by Karen Karp
I’ve been eagerly awaiting the release of the EAT-Lancet Commission report on healthy diets from sustainable food systems. “Food in the Anthropocene” provides the first scientific targets that integrate the earth’s carrying capacity for agriculture production in concert with a recommended diet that is considered healthy and that can be sustained within those boundaries.
The “reference diet,” as it is called, requires huge cuts in red meat-eating in western countries and other radical changes across the world. The diet is a call to action linked to the urgent findings of the Intergovernmental Panel on Climate Change’s October 2018 special report on the impacts of global warming. That report laid out, in no uncertain terms, that we have 12 years to stem the trend of rising temperatures to avoid a climate catastrophe. Our current reliance on extractive energy and slowness to shift to more resilient practices will only make those practices more difficult to adapt later.
Reversing climate change is the most important frontier for food systems work today.
The IPCC also notes the interconnection between social and environmental carrying capacities, recommending that global warming be limited to 1.5°C, which “goes hand in hand with ensuring a more sustainable and equitable society.” We are now on track for 2°C, and that is a big problem.
Responding to the report, BBC Correspondent Matt McGrath notes that “successfully limiting climate change to 1.5°C is not just down to cutting emissions or making lifestyle changes or planting trees – it is all of that and then some, acting in concert at the same time.”
That “then some” relates directly to shifts in agriculture and food production that have long been known to be the second largest contributors to earth’s rising temperatures (after energy). Anna Lappé aptly laid out in her 2010 Diet for a Hot Planet that “food is soaked in fossil fuels.” With great accomplishments across the energy sector, food is now in the hot seat.
So, what to do when a respected commission releases a report through a campaign carefully crafted to educate and garner the attention of policy makers (last week at Davos and next week at the UN), which at the same time generates a great deal of divisiveness among economists, nutritionists, and, predictably, every scale of the livestock sector?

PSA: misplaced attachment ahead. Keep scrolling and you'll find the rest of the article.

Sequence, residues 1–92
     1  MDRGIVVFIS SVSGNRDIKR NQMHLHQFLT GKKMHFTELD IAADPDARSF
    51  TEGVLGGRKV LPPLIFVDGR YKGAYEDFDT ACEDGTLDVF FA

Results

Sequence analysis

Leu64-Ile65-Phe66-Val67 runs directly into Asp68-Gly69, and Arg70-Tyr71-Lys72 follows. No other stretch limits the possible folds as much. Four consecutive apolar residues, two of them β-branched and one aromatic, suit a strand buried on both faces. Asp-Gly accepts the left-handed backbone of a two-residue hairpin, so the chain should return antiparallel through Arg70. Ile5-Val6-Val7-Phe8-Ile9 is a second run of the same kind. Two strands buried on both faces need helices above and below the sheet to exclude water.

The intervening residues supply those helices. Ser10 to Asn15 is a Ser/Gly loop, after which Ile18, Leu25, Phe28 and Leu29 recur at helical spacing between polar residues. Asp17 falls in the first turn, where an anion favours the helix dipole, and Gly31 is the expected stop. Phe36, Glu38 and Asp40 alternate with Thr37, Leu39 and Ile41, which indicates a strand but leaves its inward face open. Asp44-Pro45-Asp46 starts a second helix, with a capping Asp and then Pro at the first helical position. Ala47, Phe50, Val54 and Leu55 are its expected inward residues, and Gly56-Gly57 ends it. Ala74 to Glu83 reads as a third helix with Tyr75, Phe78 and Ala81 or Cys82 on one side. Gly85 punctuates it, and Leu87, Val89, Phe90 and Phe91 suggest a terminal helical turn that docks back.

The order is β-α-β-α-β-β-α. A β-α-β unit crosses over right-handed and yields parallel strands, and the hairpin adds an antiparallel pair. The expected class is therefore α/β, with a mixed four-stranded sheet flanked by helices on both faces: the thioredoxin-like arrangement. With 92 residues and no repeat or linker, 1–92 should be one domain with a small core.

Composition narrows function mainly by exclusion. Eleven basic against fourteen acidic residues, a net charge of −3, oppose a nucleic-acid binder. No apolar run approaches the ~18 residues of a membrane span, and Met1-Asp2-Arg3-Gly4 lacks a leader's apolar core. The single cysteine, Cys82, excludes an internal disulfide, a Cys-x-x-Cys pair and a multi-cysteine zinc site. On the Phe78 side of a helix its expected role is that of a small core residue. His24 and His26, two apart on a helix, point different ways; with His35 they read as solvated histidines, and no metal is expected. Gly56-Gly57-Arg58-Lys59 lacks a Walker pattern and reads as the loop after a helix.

My answer: get our best thinkers right on it. Jason Clay, Senior Vice President, Food & Markets and Executive Director, Markets Institute at World Wildlife Foundation-US, reminds us, in his January 29th Trust In Food op-ed, that all food production has impact. And not all proteins (or legumes or fruits or vegetables) are the same from the perspective of production, environmental impact, nutritional value or cultural significance.
The EAT-Lancet Commission acknowledges this by allowing for diet variance according to cultural and geographic norms. But it shockingly makes an underlying assumption that “world agriculture will transition toward sustainable food production, leading to a shift from land use being a net source of carbon to becoming a net sink of carbon.” This can happen, and it must—but that it will is not an assumption I’m prepared to make.
According to Clay, the good news is that shifting diets isn’t the only way to change our food system. It is, rather, one piece of the equation that also includes dramatically reducing food loss and waste, engagement from the investment community and making sweeping improvements to how we produce food. He cites current examples of WWF work with row crop producers in the Midwest and ranchers in the Northern Great Plains who are implementing sustainable production practices and have already seen measurable reductions in CO2 emissions. Says Clay, “We know that we can reduce the impacts of animal and plant protein production by 50 percent. We think this can happen by 2030 in the U.S.” Giving real examples always helps—and this is inspiring.
However, they strangely state that their framework presents a “safe operating space” for food systems. If there is one thing that 29 years of working in food has taught me, there is nothing simple or “safe” about a sector that is regularly under attack, and rarely praised for changes that are underway. Nor is there a singular approach to achieving diverse food system goals of human health, environmental resiliency, economic vibrancy, and more.
There is absolutely room for improvement—a lot of it, and quickly, please! We are in a palpable moment to capture a wide audience of interest and concern for health and food.
The link between climate and food is the most critical call to action of our time.
Agriculture looked very different 100 years ago from how it looks today and will look very different again 100 years from now. These changes will go a lot better and faster if we prescribe less and appreciate more the people who produce our food today, be mindful about their livelihoods and be inclusive of history and culture when mapping out a future system. And we can do so with what food creates so well: a sense of joy.